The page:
Adriana’s Angels: Welcoming the Displaced

Written by Naomi Krueger, Development Editor at Sparkhouse Family

What would it be like to have your happy childhood interrupted when your family is forced to flee violence? What might God have to say to a child who has been uprooted from all that is familiar and is struggling to fit into a new culture and a new home?

Adriana’s Angels by Ruth Goring and illustrated by Erika Meza is a new Sparkhouse Family picture book that imagines answers to these questions. The story follows a young Colombian girl whose family is forced to flee their home and make a new life in Chicago. All the while, God watches over her and sends her messages of love and comfort through two guardian angels. This book was inspired by a true story of a family that the author knows personally.

The situation the real Adriana’s family faced is familiar to 65.6 million forcibly displaced people worldwide. One day you’re experiencing life as usual, and the next day you might be frantically packing what you can carry and fleeing to safety.

Since there are so many different types of displaced people, I thought it might be helpful to define some terms. I’ve gathered this information from the United Nations Refugee Agency.

Immigrant: A person who leaves their country of origin and starts a new life in a new country. People immigrate for all sorts of reasons.

Refugee: A person who flees his or her country because of persecution, war, or violence. A refugee has a well-founded fear of persecution for reasons of race, religion, nationality, political opinion, or membership in a particular social group. They cannot return to their home country or are afraid to do so. When a person is granted refugee status by the UN, international law dictates that they must not be returned to situations where their life and freedom are at risk. Refugees are given the opportunity to apply for resettlement in another country, where they can live permanently.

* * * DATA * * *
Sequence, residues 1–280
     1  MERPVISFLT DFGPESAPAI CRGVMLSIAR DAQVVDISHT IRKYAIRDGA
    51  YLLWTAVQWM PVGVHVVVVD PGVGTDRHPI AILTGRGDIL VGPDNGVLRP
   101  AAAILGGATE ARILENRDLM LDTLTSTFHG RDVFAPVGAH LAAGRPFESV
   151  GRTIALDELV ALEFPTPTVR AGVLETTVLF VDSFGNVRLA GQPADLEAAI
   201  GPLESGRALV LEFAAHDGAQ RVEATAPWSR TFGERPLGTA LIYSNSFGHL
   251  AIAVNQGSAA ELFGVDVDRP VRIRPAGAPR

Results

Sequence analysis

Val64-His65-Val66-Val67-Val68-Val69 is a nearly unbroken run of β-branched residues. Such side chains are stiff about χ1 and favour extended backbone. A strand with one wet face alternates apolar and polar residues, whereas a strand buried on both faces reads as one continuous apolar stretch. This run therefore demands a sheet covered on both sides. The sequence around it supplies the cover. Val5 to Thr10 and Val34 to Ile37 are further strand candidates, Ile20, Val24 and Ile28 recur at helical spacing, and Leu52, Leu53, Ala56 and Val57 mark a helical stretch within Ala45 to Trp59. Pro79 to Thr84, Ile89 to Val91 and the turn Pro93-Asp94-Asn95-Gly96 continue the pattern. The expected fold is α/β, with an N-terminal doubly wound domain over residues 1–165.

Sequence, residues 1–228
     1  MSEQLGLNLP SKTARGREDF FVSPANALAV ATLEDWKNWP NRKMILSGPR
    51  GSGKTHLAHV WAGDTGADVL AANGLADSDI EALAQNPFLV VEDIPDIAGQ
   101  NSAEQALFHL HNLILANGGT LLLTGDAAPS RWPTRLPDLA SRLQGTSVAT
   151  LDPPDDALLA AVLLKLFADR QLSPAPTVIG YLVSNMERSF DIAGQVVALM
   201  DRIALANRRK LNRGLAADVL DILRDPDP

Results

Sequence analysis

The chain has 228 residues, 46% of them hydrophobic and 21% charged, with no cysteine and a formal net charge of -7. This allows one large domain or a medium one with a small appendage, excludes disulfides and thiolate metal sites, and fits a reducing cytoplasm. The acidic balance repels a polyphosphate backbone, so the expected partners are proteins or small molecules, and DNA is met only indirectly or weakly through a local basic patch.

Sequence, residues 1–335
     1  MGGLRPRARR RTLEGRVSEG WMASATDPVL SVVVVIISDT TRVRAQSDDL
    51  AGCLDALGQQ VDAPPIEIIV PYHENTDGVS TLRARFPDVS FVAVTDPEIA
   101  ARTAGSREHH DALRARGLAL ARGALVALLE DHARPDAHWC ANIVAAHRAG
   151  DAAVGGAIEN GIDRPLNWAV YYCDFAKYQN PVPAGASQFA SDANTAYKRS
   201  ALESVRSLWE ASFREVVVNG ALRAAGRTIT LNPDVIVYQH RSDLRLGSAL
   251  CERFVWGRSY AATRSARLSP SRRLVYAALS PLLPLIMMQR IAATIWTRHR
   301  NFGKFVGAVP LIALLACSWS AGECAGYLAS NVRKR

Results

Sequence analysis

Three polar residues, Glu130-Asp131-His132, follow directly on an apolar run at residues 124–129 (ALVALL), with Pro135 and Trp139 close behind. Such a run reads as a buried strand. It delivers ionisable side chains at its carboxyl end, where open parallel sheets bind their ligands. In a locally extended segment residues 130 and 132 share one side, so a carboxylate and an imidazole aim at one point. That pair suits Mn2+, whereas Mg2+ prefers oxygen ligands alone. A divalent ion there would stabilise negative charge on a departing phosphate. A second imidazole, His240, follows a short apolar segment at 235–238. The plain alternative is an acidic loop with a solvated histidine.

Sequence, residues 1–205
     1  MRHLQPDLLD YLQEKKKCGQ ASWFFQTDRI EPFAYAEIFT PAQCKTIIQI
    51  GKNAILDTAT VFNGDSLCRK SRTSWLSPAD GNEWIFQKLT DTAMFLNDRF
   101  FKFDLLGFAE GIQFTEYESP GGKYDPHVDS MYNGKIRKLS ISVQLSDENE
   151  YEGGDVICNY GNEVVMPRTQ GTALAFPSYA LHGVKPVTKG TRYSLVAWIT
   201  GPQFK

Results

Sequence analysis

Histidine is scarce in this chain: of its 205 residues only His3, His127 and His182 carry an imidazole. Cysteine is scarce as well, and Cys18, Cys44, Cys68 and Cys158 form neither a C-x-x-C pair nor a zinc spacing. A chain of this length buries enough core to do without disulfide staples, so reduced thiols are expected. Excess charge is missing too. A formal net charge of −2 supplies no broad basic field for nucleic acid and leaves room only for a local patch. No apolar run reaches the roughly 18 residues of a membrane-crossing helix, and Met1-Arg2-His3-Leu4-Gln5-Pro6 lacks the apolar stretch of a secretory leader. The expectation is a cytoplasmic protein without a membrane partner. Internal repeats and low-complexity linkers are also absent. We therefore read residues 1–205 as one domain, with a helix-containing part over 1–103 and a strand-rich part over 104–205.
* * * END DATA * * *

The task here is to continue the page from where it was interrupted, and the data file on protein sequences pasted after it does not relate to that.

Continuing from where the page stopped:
Internally Displaced Person: A person who was forced to flee his or her home for the same reasons as a refugee, but remains in their home country and has not crossed an international border. IDPs are not protected by international law.

Asylum Seeker: A person who has fled their home country and seeks shelter and safety in another country. They apply for asylum, or the right to be recognized as a refugee and receive legal protection and material assistance. They must demonstrate that their fear of persecution in their home country is well-founded.

The real Adriana’s family were asylum seekers. Her parents worked for peace and justice in Colombia and were threatened by some violent people. They had the means to travel to the United States to find safety, and once they were here they applied for political asylum. They were granted asylum and were given permission to live in the United States permanently.

In the story, Adriana’s two angels delight in conveying God’s love and comfort to her as she experiences so much change. One of my favorite parts of the book goes like this: 

When Adriana is sleeping, the angels peek into her dreams. “Adriana,” they say in dream language, “God loves you. God wants to be your very best friend.”

And it’s true! God loves all people and has special concern for the vulnerable and displaced. Over and over again the Bible gives us God’s commands about caring for people such as these.

“[The Lord] defends the cause of the fatherless and the widow, and loves the foreigner residing among you, giving them food and clothing. And you are to love those who are foreigners, for you yourselves were foreigners in Egypt.” – Deuteronomy 10:17-19

If you or your family wants to get involved in serving refugees in your community, find out if there are any refugee resettlement agencies you can volunteer at. Many refugee resettlement agencies are Christian and work to empower the local church to serve immigrants and refugees. Look for organizations affiliated with Lutheran Immigration and Refugee Services, Episcopal Migration Ministries, Church World Service, United States Conference of Catholic Bishops, or World Relief. You might even consider donating a copy of Adriana’s Angels to welcome a newly arrived family!

Adriana’s Angels and its Spanish edition, Los ángeles de Adriana, are available wherever books are sold on September 12.

Learn more about refugees:

US Refugee Resettlement Agencies: Voluntary Agencies
United Nations Refugee Agency: Who We Help
What is a refugee: UNRefugees.org
History of refugee resettlement in the US: Refugee Council USA
Refugee Admissions: The US State Department

 Naomi Krueger is a development editor at Sparkhouse Family, and was the acquiring editor for Adriana’s Angels. She also serves on the board of directors for a refugee resettlement agency in Minnesota. She lives in the Twin Cities with her husband and son.

You can learn more about Ruth Goring and her book at www.RuthGoringBooks.com.